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Environ Sci Technol. 2005 Apr 15;39(8):2880-7.

Addition of activated carbon to sediments to reduce PCB bioaccumulation by a polychaete (Neanthes arenaceodentata) and an amphipod (Leptocheirus plumulosus).

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  • 1Analytical Services Inc, Engineering Research and Development Center, Vicksburg, Mississippi 39180, USA.

Abstract

This work examines the effects of adding coke or activated carbon on the bioavailability of polychlorinated biphenyls (PCBs) in contaminated sedimentfrom South Basin at Hunters Point, San Francisco Bay. We show with 28-day sediment exposure tests that PCB bioaccumulation in a polychaete (Neanthes arenaceodentata) is reduced by 82% following 1-month contact of sediment with activated carbon and by 87% following 6-months contact of sediment with activated carbon. PCB bioaccumulation in an amphipod (Leptocheirus plumulosus) is reduced by 70% following 1-month contact of sediment with activated carbon and by 75% after 6-months contact of sediment with activated carbon. Adding coke had a negligible effect on reducing PCB bioaccumulation, probably because of the low specific surface area and the slow kinetics of PCB diffusion intothe solid coke particles. Reductions in congener bioaccumulation with activated carbon were inversely related to congener Kow, suggesting that the efficacy of activated carbon is controlled by the mass-transfer rate of PCBs from sediment and into activated carbon. We find that reductions in aqueous PCB concentrations in equilibrium with the sediment were similar to reductions in PCB bioaccumulation. While no lethality was observed following activated carbon addition, growth rates were reduced by activated carbon for the polychaete, but not for the amphipod, suggesting the need for further study of the potential impacts of activated carbon on exposed communities. The study suggests that treatment of the biologically active layer of contaminated sediments with activated carbon may be a promising in-situ technique for reducing the bioavailability of sediment-associated PCBs and other hydrophobic organic compounds.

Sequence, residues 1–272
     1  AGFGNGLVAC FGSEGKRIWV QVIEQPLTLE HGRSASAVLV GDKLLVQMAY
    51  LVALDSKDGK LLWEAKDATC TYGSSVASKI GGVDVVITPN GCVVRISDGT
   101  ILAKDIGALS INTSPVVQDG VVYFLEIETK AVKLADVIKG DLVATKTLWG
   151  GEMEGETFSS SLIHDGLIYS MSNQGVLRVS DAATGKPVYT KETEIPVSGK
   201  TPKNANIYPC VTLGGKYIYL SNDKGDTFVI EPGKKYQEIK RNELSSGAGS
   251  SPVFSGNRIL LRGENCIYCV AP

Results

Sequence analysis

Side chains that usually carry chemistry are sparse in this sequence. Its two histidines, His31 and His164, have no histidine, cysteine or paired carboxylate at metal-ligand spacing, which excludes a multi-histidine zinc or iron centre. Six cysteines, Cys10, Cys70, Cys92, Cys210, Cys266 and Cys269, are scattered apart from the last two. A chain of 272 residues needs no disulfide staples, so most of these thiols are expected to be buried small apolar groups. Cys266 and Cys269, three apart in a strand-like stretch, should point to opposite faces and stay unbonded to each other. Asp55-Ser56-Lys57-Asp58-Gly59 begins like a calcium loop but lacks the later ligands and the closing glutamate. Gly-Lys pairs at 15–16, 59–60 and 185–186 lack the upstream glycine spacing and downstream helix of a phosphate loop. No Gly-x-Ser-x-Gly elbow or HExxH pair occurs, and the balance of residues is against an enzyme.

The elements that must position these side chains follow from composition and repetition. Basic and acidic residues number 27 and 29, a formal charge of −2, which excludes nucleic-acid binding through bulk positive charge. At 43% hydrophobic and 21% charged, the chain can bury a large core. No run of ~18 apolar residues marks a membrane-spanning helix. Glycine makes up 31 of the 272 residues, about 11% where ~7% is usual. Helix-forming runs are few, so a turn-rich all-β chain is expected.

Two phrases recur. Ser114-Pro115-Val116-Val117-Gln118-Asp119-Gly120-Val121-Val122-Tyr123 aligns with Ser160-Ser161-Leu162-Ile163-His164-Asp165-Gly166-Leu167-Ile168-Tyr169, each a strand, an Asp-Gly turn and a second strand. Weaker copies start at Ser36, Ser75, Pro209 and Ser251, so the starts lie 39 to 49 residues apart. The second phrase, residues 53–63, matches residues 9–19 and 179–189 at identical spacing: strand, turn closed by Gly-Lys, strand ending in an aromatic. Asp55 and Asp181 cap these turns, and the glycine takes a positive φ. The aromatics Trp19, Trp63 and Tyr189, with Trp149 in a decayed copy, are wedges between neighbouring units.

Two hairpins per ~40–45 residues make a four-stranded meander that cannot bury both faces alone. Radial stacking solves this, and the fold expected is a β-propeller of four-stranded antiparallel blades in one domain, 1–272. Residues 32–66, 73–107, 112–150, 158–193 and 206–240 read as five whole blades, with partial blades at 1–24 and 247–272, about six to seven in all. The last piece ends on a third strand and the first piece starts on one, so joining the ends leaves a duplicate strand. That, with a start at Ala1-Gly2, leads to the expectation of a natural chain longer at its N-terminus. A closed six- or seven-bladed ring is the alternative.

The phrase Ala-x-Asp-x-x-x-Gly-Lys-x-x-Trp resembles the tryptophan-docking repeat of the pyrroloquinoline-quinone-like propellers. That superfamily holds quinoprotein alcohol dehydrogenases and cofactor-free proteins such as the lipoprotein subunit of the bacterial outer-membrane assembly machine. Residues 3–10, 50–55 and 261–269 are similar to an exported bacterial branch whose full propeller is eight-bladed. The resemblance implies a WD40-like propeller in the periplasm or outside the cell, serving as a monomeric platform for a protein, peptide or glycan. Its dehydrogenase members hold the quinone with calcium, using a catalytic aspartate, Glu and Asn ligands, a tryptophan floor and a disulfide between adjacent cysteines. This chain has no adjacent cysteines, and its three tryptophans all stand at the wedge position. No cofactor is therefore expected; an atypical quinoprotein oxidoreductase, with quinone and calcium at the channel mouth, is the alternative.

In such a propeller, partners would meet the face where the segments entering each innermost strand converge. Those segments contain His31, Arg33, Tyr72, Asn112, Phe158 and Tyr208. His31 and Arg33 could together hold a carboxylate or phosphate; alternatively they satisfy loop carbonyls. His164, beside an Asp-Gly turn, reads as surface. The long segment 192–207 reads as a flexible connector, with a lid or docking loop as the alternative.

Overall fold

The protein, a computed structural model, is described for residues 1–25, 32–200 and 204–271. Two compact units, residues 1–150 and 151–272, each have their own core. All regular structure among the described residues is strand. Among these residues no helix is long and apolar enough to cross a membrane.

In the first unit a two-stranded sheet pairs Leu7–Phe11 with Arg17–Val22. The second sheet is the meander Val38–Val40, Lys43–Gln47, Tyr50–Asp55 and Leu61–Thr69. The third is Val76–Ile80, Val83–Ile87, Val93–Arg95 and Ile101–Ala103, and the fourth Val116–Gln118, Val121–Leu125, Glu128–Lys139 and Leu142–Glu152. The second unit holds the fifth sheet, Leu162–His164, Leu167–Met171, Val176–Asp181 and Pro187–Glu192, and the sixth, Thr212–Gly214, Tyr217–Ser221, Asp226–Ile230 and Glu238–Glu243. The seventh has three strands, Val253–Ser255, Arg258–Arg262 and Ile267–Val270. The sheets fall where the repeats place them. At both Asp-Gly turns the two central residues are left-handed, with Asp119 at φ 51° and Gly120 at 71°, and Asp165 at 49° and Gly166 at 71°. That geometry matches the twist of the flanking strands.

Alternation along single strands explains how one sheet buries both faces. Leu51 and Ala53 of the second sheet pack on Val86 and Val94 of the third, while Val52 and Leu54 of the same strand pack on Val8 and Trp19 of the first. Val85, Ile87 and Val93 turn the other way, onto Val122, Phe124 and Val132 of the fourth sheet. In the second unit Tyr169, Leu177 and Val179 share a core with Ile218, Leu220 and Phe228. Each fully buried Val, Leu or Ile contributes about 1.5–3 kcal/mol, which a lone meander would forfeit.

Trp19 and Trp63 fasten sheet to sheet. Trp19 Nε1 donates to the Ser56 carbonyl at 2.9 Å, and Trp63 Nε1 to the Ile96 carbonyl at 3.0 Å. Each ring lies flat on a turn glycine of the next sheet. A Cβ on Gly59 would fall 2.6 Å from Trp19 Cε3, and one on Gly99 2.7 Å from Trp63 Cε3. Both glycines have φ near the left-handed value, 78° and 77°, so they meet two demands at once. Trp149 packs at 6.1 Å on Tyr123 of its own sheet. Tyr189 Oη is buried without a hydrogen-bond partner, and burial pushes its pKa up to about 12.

PMID:
15884389
[PubMed - indexed for MEDLINE]
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